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Posted: 27 September 2008 08:31 PM   [ Ignore ]   [ # 8 ]
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My husband generally uses fruit juice to moisten the fruit in his fruitcakes. Usually a blend with apple and other juices, whatever seems like it will harmonize with the fruit. I’d try to stay away from anything really acidic like orange or lemon, except in small amounts. The fruit gets cooked when it’s in the cake, so we don’t bother cooking the juice beforehand. If you’re going to put a juice / syrup blend on the cake after baking, though, then definitely you want to cook it as Hector suggests.

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Posted: 27 September 2008 08:32 PM   [ Ignore ]   [ # 9 ]
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Oh, and as Gene says—fruitcake freezes beautifully!

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Posted: 29 September 2008 01:14 AM   [ Ignore ]   [ # 10 ]
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Thanks for all the replies everyone. I tried the recipe with just warm water for soaking the fruit and no syrup/juice after baking. It was moist even after a few days; but my family didn’t like the assertive molasses taste that much.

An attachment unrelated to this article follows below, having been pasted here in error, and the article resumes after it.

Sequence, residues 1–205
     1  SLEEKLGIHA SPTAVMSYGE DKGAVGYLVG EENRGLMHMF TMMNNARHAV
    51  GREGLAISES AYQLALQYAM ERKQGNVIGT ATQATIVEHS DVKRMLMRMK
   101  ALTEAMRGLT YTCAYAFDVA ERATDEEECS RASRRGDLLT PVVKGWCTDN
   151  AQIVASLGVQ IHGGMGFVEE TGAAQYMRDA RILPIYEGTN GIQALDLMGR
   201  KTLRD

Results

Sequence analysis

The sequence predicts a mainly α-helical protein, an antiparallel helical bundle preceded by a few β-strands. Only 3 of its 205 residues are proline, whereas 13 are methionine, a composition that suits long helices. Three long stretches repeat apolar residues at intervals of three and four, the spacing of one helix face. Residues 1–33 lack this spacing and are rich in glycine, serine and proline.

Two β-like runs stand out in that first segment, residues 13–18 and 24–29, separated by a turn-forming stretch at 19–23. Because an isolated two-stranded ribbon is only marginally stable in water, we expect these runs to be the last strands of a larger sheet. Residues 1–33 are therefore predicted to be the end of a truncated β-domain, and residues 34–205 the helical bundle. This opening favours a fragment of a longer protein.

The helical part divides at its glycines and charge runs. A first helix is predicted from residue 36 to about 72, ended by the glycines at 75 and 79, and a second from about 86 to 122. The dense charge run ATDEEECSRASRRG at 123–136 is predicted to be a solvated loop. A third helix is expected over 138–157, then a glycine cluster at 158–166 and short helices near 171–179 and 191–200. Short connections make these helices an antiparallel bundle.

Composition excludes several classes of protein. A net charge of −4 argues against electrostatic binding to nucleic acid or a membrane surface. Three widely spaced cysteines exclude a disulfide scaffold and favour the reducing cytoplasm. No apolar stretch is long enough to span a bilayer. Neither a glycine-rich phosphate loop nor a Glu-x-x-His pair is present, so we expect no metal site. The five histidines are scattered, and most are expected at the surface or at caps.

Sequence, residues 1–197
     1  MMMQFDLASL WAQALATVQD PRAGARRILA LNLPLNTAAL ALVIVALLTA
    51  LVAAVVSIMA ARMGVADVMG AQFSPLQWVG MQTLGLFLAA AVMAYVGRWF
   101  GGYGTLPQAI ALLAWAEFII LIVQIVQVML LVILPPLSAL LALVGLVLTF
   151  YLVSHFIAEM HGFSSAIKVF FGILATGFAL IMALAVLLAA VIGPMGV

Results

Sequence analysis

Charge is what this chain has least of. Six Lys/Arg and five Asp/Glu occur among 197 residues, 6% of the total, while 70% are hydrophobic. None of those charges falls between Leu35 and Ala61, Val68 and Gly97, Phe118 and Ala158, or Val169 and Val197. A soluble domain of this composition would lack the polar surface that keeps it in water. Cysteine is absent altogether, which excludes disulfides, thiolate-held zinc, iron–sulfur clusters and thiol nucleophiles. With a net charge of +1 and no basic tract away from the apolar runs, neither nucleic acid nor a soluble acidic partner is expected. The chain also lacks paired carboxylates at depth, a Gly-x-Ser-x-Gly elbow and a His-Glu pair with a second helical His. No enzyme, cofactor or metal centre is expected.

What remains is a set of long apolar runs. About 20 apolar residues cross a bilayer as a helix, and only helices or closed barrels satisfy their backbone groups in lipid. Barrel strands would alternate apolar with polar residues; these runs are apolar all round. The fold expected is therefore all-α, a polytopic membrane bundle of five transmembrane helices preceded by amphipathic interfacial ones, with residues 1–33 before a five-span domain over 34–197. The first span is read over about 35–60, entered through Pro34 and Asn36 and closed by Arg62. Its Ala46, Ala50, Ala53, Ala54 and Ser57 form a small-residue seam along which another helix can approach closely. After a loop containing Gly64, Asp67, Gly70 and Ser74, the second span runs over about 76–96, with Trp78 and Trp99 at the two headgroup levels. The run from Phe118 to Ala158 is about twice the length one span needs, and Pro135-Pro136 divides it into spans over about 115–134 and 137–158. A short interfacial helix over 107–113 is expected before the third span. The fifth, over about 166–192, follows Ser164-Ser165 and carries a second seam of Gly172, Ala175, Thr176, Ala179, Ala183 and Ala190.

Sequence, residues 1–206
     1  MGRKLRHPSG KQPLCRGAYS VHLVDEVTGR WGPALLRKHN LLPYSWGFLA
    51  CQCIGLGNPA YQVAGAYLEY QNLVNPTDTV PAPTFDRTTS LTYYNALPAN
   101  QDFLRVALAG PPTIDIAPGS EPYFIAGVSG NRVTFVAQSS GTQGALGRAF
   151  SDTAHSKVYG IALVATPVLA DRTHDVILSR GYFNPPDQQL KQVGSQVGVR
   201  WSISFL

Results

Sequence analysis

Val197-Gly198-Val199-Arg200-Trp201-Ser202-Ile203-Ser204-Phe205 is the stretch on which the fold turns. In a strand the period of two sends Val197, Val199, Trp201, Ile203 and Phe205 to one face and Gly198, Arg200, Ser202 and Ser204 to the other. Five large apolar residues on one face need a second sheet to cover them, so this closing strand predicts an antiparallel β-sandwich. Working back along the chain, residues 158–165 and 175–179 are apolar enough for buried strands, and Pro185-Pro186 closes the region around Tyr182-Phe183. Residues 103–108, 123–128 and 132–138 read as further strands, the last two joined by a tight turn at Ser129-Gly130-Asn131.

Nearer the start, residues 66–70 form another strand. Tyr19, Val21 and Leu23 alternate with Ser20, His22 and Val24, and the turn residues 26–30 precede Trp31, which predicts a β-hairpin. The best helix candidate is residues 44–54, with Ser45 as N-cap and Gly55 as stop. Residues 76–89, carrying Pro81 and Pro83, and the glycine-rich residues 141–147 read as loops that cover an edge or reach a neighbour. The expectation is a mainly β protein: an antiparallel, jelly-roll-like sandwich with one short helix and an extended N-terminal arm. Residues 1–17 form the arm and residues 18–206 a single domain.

So I baked another cake with the Lyle’s Golden syrup, soaked the fruit in peach nectar. I reduced the leftover nectar from the can in the microwave and brushed that on after the cake baked. Haven’t tasted this one yet, but it smells divine!

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Posted: 29 September 2008 12:41 PM   [ Ignore ]   [ # 11 ]
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Shimi, the Lyle’s sounds like a great option.  I also use real maple syrup in place of molasses for baking, because I rarely like a strong molasses flavor.  If the maple syrup is real, the flavor will stay in the background and blend beautifully with spices, butter, etc.  My favorite recipe to do this with is Rose’s gingerbread cookies.  We call them New England maplebread and give them to eveyrone during the winter holidays.

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Posted: 29 September 2008 01:31 PM   [ Ignore ]   [ # 12 ]
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If I am making a fruit cake other than a ‘special’ one, ie. one for a celebration, I like to soak the fruit overnight in cold tea.  It makes the fruit plump up and the cake stays really moist.  If you haven’t time to soak overnight you can bring the fruit to the boil in the tea and then let it cool and use it.

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Posted: 29 September 2008 02:10 PM   [ Ignore ]   [ # 13 ]
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Jeannette, what a neat idea. I have never heard of it. Thanks for sharing.

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Posted: 29 September 2008 04:47 PM   [ Ignore ]   [ # 14 ]
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Rozanne, I’ve answered your e-mail, did you get my message?

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Posted: 29 September 2008 09:58 PM   [ Ignore ]   [ # 15 ]
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Thank you Jeannette.